The renegade was promptly rewarded. He became Under-Secretary of State for the Colonies in December 1905, under Lord Elgin, and then Minister of Trade and Industry three years later.
To general surprise, Churchill, a gentleman both authoritarian and chaste, grew closer to the great popular tribune of the left wing of the Liberal party, David Lloyd George. He drew up social legislation (the creation of an employment agency, regulation of wages and working conditions, and insurance against unemployment) which would lay the foundations of the welfare state after the Second World War.
A handyman, Winston acceded to the Home Office in February, 1910. He tried to do away with imprisonment for debt and released a twelve-year-old boy sentenced to seven years of prison for stealing a cod!
He also rejected a bill intended to sterilize the mentally ill in order to 'improve the race' (Swedish Social Democrats would not show the same wisdom in 1922).
The image of the minister was nevertheless permanently damaged by the massacre at Tonypandy (a Welsh miner was killed by the police in November 1910). Public opinion made Churchill out to be a killer while he tried everything to appease the social conflict.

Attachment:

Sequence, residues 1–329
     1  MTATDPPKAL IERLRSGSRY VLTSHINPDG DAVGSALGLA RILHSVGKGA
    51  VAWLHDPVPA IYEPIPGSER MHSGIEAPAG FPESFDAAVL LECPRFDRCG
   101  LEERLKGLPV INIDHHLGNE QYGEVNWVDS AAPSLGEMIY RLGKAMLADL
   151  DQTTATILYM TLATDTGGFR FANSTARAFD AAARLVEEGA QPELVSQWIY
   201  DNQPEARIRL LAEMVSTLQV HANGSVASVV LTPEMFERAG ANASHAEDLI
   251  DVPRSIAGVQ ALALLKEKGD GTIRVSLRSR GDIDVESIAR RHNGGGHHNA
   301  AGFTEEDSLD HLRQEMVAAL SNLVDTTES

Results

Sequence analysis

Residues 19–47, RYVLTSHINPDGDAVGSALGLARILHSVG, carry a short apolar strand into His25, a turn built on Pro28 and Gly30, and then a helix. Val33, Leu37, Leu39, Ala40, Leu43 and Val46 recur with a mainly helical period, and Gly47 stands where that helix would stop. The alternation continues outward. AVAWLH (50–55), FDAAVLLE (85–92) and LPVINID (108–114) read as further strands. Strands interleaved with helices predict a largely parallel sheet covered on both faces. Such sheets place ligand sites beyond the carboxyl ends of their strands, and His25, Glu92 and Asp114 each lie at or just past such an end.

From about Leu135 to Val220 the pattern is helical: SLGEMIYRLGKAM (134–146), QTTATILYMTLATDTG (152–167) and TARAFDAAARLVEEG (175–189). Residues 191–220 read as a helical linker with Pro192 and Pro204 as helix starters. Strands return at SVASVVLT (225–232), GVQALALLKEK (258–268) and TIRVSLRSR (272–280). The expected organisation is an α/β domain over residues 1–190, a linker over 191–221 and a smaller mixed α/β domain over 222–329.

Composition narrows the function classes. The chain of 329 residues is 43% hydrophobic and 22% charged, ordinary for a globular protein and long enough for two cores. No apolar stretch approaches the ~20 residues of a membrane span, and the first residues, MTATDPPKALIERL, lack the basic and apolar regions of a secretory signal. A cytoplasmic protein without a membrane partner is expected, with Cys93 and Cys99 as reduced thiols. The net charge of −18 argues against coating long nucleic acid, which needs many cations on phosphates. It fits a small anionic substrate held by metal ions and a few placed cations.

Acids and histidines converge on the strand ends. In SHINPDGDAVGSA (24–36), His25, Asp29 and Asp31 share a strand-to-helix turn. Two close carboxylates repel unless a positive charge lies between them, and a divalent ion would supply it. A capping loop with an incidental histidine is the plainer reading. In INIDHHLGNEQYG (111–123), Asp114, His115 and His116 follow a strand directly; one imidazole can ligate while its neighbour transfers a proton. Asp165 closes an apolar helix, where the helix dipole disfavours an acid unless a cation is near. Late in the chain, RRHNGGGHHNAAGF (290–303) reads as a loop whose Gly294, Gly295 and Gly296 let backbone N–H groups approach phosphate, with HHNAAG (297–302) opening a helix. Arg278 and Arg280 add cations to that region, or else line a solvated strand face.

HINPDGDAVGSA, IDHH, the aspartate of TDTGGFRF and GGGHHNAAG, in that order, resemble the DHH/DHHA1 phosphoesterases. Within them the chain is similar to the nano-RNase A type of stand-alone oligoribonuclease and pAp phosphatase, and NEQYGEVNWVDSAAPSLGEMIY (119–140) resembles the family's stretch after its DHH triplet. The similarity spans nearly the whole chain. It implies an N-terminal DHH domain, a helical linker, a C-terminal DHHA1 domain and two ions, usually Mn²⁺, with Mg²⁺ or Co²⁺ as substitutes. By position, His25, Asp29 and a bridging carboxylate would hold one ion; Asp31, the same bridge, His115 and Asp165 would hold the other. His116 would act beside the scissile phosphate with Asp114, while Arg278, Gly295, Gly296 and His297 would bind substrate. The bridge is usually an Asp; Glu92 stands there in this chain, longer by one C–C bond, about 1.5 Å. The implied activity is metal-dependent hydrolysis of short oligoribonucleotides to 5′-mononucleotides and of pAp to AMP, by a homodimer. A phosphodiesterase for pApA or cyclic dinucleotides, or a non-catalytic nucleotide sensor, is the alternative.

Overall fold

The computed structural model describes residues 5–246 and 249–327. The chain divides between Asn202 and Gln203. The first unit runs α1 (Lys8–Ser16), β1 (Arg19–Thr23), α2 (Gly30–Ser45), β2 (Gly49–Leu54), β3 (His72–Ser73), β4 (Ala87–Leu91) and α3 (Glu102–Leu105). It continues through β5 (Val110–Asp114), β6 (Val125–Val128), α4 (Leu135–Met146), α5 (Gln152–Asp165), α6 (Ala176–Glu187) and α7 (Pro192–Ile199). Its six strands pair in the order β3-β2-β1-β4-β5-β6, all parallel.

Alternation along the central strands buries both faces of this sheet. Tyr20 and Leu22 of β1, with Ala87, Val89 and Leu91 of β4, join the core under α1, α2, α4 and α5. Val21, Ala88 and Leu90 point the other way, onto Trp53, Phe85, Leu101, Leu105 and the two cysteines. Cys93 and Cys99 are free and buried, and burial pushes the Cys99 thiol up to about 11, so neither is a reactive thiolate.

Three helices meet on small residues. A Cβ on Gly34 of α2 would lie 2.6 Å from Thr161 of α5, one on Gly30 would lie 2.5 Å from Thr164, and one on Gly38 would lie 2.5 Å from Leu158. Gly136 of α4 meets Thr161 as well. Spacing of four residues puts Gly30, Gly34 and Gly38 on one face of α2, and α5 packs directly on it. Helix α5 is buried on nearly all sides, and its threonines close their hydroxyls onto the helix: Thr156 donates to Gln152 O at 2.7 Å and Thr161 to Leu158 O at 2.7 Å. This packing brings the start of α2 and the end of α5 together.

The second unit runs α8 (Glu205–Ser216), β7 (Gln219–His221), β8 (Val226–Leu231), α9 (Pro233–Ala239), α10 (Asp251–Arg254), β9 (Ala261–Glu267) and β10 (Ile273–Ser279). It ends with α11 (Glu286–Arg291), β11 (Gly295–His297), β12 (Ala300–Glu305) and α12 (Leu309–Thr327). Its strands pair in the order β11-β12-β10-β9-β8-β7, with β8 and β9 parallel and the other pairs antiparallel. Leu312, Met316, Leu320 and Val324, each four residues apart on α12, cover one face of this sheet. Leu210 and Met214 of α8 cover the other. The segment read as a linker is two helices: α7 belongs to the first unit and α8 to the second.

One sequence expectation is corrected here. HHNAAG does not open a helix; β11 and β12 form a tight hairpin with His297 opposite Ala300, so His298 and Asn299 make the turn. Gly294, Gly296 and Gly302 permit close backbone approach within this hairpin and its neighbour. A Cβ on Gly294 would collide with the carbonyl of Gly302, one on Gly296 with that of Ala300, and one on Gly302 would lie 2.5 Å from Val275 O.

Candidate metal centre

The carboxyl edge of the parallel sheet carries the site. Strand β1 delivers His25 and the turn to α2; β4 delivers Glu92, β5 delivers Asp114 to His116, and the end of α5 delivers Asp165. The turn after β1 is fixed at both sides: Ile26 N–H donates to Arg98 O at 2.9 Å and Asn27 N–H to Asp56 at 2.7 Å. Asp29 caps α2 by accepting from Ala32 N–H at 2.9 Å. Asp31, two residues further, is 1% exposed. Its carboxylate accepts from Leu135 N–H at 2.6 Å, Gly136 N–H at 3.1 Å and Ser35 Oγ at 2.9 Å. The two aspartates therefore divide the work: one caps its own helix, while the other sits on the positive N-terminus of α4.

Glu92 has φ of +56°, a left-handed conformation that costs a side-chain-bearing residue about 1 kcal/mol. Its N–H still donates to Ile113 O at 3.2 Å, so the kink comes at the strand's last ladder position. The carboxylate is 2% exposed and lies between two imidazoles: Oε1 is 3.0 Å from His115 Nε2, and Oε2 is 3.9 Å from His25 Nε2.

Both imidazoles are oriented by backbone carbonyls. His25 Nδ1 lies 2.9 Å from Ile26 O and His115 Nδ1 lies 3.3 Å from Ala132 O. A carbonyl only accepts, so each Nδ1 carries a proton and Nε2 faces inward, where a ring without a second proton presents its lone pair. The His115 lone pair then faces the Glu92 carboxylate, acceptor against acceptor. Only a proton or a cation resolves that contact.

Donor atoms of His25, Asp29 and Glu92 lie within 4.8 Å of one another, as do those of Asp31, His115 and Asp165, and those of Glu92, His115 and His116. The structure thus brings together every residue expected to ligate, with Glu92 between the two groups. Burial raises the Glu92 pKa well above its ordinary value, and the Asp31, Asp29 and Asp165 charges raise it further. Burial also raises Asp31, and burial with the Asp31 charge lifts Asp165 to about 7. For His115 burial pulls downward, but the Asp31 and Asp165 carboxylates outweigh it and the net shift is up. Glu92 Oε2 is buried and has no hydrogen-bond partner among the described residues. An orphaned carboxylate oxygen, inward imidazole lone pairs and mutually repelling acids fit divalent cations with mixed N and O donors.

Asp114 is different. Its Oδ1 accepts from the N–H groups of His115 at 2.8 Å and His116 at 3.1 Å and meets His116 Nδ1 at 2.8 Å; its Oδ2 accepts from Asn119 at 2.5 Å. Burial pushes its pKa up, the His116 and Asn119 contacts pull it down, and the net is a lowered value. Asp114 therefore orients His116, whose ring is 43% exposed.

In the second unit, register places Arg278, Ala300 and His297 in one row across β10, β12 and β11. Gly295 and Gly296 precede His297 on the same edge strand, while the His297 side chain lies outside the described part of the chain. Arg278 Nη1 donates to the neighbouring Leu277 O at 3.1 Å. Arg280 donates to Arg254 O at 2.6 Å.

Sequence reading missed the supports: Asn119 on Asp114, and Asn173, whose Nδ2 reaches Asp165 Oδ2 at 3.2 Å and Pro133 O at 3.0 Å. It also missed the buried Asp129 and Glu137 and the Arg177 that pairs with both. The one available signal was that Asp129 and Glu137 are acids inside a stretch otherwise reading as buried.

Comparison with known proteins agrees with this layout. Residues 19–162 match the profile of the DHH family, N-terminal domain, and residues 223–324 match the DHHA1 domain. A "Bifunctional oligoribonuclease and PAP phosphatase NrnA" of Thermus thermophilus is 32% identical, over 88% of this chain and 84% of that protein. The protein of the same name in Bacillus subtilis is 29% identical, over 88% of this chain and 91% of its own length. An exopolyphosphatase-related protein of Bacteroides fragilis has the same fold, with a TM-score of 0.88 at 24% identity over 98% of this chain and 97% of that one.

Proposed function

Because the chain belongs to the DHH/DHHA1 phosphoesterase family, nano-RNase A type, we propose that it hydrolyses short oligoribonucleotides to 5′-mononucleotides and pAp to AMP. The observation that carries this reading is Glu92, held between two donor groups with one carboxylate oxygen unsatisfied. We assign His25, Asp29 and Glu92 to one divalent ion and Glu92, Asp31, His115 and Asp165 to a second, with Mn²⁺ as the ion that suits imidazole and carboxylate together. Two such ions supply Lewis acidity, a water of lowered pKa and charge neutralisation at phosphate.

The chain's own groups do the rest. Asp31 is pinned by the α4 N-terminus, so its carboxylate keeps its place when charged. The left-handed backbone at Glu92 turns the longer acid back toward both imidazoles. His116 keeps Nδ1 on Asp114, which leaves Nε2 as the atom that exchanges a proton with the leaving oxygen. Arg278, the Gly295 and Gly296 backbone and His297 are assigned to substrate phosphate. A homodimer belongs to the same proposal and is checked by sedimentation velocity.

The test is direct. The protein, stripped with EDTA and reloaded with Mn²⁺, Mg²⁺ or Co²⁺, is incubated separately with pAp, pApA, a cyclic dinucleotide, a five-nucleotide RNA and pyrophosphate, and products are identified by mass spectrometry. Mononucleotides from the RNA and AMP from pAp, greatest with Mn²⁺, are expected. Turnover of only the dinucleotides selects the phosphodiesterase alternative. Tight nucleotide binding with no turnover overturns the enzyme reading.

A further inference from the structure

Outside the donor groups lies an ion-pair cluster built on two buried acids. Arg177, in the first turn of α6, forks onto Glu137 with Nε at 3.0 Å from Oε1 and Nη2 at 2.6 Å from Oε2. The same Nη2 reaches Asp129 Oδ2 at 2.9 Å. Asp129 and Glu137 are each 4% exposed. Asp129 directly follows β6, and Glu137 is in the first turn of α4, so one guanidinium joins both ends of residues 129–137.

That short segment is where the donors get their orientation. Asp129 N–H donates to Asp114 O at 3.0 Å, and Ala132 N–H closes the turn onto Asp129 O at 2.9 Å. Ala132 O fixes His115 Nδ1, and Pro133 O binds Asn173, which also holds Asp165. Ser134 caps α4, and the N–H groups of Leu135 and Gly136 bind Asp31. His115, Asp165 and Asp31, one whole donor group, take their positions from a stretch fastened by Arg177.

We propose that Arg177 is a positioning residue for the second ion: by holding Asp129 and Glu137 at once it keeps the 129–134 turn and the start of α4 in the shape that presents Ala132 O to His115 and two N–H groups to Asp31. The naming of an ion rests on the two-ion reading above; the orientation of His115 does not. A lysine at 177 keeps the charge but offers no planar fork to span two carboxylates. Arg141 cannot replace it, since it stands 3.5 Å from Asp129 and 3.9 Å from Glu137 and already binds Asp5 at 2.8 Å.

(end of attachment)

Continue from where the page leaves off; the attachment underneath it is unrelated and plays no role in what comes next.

The minister also took imprudent risks by involving himself with with the police at the siege of a madman on Sidney Street in December 1910.
Mere trifles . . . Serious things start with military affairs.
Appointed First Lord of the Admiralty in September 1911, Winston acknowledged the threat of a war with Germany in a prophetic memorandum.
He encouraged the rearmament and strengthening of the Royal Navy, following the advice of a seventy-year-old admiral, Jacky Fisher.
Thus he converted coal-fired ships to oil-fired ships, increasing their speed and autonomy, and enabled the Royal Navy to strengthen its advance on its rivals, notably Germany’s Kaiserliche Marine.
At the same time, he advocated for a British settlement in the Persian Gulf in order to guarantee their oil supply! Oil, hitherto confined to subordinate uses, became a vital strategic element for all world powers, and continues to be today.